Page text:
The first half of 2022 was rotten for investors in most assets – except gold, which according to various commentators is “doing what it’s supposed to do” which is preserving its value “and your capital”.
Warning lights in late 2021 that inflation was getting a firm grip in many places started to flash with increasing frequency in early 2022, thanks to the Russian invasion of Ukraine. The UK is probably headed for 11% inflation this year, according to the Bank of England. Turkey’s latest inflation is close to 80%. The multi-trillion Dollar ‘stimulus’ give-aways by governments to bat away the possibility of a global recession flooded economies with ‘free’ fiat money (and raised government debts) tilled the soil for global inflation. Russian tanks (and Western sanctions) sowed its seeds. The plants have grown and the harvest is being gathered.
That provides the context for the first half of 2022 – investors knew that the major central banks would belatedly get around to pushing up interest rates to try to quell inflation. Their biggest fear became that the medicine for high inflation – high interest rates – would taste so bad that it would bring about a recession. Thus, they got out of just about everything except those assets clearly in strong demand and short supply – crude oil, natural gas, wheat, commodities generally – and the supposed safe haven, the US Dollar. But gold ended the first half of the year just 1.2% lower in US Dollar terms and was up an average of 5.5% against a basket of nine currencies (including the Dollar). Those assets perceived as having high risk, such as tech stocks, were the worst performers. In the second quarter of this year Tesla’s share price suffered a 38% decline, its biggest drop since its 2010 public flotation.
US stocks had their worst first-half drop in 50 years, with a loss in market value of more than $9 trillion since the end of 2021.
Will the second half of 2022 be any better, or will losses get worse? That very much depends where people think we are in the business cycle – still in the downswing or poised for an upturn? Many economists and business executives envisage a recession ahead. Robert Dent, a former analyst with the New York Federal Reserve, told Bloomberg that the “good news is there’s a limit to how severe it’s going to be… The bad news is it’s going to be prolonged”. He foresees a contraction of about 2% that begins in the fourth quarter of this year and lasts through next year. There have been a dozen recessions in the US since World War 2, lasting an average 10 months, the economy contracted by 2.5%, unemployment rose about 3.8% and corporate profits fell around 15%.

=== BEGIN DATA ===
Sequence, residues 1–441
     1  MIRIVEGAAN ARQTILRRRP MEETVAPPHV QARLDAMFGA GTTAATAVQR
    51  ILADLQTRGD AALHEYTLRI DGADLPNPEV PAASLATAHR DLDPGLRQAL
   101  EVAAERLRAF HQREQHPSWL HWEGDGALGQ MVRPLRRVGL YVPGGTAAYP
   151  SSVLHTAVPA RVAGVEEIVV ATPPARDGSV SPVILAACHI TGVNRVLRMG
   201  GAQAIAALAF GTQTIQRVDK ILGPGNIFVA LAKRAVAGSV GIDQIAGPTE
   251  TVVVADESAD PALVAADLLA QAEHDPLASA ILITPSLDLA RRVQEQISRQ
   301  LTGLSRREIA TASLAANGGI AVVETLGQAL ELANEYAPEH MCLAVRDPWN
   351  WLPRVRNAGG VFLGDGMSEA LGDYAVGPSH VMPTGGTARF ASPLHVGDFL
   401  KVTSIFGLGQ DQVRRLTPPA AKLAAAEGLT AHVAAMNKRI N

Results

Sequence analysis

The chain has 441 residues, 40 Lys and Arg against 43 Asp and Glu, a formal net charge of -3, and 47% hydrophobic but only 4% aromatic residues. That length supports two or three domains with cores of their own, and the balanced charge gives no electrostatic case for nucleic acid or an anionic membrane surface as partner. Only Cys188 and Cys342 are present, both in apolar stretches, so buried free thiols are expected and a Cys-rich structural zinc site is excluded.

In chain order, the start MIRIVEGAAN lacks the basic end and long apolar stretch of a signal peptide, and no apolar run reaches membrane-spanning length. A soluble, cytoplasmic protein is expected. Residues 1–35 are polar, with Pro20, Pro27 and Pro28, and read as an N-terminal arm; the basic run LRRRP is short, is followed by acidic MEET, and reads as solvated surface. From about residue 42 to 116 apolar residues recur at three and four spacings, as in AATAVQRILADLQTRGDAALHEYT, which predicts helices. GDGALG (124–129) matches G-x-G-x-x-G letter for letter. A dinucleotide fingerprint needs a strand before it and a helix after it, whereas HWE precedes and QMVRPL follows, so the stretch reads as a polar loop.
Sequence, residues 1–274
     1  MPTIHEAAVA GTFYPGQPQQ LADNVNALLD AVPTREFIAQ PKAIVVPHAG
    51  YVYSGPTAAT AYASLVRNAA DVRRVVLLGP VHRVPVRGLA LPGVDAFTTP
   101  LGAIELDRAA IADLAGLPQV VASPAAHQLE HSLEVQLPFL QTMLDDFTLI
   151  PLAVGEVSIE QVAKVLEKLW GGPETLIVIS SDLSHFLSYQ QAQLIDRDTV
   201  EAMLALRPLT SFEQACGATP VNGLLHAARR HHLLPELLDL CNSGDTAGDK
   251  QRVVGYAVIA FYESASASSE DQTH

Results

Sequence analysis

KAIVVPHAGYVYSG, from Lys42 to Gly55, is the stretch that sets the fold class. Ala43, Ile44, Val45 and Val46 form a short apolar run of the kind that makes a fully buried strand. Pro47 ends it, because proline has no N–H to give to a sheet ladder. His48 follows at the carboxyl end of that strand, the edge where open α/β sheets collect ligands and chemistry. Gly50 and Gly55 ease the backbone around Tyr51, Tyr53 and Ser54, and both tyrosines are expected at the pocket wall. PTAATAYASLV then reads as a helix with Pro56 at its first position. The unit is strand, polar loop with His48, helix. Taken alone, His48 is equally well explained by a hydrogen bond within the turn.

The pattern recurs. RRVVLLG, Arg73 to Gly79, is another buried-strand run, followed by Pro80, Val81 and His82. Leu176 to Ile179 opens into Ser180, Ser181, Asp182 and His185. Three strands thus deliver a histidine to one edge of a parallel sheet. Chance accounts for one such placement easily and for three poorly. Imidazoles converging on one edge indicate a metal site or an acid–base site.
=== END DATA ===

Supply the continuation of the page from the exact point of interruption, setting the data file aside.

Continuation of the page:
The major central banks – the European Central Bank, the Bank of England, and the US Federal Reserve – seem more united than for many months in recognising the need to raise interest rates to stifle inflation. The danger is that they may lag events and make money and credit more expensive as their economies are already weakening. In three-quarters of all market recessions since that of 1976 the value of gold has increased significantly, while the S&P 500 has sunk.
At Glint, we make every effort to demonstrate a balanced conversation between gold, crypto and fiat currencies when it comes to purchasing power and, while we strongly believe that gold is the fairest and most reliable currency on the planet, we need to point out that it isn’t 100% risk free. While we have seen a steady increase over time, the value of gold can fall, which means that its purchasing power can also decline.
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